What are sustainable aviation fuels (SAFs)?
SAFs are sustainable fuels that greatly reduce aviation’s climate impact. They can be divided into two categories:
- fuels that are produced using biomass.
- synthetic fuels produced using renewable energy and CO2.
Several SAF manufacturing processes have already been certified. Power-to-liquid is considered a promising manufacturing process for synthetic SAFs.
What is the benefit of SAFs?
Because SAF production uses CO2 as a raw material, it significantly reduces the fuel’s carbon footprint—by 80 percent or more, depending on the process used. SAFs can already be “dropped in” to the existing fleet through admixtures of up to 50 percent, with no need to adapt the infrastructure, the aircraft or the engine. In initial trials, SAFs have additionally shown great potential for reducing contrails and their climate impact: this makes SAFs the technology for directly improving the climate impact of the existing fleet.
What role does hydrogen play?
Hydrogen forms the basis of several SAF production processes. That means aviation can make complementary use of hydrogen and SAF. Over long distances, SAFs may have advantages over hydrogen, but over shorter distances, fuel cells show great potential: this concept is virtually emissions-free.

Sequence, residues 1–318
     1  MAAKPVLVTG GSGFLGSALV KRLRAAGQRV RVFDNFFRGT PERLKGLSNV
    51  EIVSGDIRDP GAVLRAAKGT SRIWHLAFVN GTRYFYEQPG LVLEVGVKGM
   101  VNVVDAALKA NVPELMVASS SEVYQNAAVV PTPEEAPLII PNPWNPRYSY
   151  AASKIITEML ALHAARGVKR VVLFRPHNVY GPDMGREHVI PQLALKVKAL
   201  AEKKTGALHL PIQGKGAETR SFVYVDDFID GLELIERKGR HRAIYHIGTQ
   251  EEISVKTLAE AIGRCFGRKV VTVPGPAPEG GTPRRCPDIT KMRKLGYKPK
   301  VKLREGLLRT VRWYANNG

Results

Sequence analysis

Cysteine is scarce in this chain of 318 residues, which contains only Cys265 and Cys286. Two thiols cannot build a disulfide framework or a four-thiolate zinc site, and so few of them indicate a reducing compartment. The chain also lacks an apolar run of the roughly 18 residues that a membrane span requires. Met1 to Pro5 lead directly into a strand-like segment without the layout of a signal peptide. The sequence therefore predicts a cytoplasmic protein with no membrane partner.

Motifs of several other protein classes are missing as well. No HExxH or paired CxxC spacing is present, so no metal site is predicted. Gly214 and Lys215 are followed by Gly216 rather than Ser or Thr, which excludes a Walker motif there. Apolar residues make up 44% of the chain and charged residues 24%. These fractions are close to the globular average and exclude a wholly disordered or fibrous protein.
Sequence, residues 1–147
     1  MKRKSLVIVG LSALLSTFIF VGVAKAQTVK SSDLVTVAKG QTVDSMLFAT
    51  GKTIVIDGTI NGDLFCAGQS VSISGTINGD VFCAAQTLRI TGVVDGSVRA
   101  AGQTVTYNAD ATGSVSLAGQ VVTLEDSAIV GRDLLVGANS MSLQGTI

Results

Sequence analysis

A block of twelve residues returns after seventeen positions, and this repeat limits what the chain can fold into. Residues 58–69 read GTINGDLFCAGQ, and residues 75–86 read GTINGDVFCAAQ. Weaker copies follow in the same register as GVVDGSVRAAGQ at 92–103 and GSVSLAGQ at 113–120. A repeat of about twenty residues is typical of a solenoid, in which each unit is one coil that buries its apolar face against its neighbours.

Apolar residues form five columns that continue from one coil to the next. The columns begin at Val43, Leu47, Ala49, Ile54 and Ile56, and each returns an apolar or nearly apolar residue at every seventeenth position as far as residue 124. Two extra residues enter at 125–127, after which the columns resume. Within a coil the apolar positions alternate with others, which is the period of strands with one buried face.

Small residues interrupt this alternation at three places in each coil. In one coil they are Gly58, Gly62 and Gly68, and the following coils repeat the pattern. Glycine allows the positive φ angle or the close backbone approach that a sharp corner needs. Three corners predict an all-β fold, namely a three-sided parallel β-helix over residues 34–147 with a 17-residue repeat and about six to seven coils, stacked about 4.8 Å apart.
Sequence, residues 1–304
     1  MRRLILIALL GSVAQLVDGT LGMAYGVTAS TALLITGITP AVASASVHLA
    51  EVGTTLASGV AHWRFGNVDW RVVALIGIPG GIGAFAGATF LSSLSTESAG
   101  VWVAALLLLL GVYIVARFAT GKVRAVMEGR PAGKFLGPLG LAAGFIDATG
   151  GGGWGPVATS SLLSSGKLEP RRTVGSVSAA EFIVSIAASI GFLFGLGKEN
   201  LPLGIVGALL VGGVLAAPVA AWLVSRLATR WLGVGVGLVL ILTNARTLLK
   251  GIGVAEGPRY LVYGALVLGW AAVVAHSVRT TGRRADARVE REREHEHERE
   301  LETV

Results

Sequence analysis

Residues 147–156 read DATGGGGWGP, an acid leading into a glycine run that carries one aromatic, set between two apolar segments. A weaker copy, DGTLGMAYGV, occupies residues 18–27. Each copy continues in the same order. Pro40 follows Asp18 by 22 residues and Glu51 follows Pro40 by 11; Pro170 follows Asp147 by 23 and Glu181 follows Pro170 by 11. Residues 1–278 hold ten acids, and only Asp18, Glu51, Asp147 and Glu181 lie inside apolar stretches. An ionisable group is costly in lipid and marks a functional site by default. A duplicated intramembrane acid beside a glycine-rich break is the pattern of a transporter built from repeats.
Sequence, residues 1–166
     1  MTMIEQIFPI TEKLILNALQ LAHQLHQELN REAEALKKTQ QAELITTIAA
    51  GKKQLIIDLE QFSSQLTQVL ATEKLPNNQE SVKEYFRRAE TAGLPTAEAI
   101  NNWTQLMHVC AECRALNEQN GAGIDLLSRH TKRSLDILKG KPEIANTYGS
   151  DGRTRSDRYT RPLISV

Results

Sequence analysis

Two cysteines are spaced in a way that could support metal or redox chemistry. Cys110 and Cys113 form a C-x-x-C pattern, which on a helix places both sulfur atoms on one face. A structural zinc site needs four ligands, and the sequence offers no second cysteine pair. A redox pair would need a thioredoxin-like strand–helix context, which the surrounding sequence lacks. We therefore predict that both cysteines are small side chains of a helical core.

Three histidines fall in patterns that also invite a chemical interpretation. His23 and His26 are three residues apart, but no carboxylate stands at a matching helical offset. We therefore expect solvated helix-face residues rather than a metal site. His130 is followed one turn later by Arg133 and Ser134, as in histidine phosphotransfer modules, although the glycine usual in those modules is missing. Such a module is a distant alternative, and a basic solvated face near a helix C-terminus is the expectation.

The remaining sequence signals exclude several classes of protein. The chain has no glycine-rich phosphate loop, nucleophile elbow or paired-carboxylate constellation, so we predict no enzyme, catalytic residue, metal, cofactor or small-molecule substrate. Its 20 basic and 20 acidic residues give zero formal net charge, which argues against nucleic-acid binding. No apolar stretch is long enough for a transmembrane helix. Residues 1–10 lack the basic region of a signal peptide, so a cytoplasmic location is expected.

MTU is working with the German Aerospace Center (DLR) to develop the flying fuel cell demonstrator, which will take off in the next few years.
What is the demand for SAFs in aviation?
If aviation is to become climate-neutral, sustainable aviation fuels will need to be in use across the board by 2050. Total demand amounts to some 600 million metric tons.
To meet that demand, it will be essential to provide large amounts of renewable energy and CO2 for synthetic SAFs. Demand will initially have to be met using today’s biogenic manufacturing processes. Advanced biogenic and synthetic processes that are highly sustainable must follow. A blend of biogenic and synthetic manufacturing processes maximizes the available volume.
Are SAFs already in use today?
Synthetic fuels are not yet produced on an industrial scale; demonstration plants are currently in the pipeline. Smaller amounts of biofuels are already in use, corresponding to about 0.1 percent of global kerosene consumption, which was 300 million metric tons in 2019.
MTU is supporting several projects to set up power-to-liquid production facilities.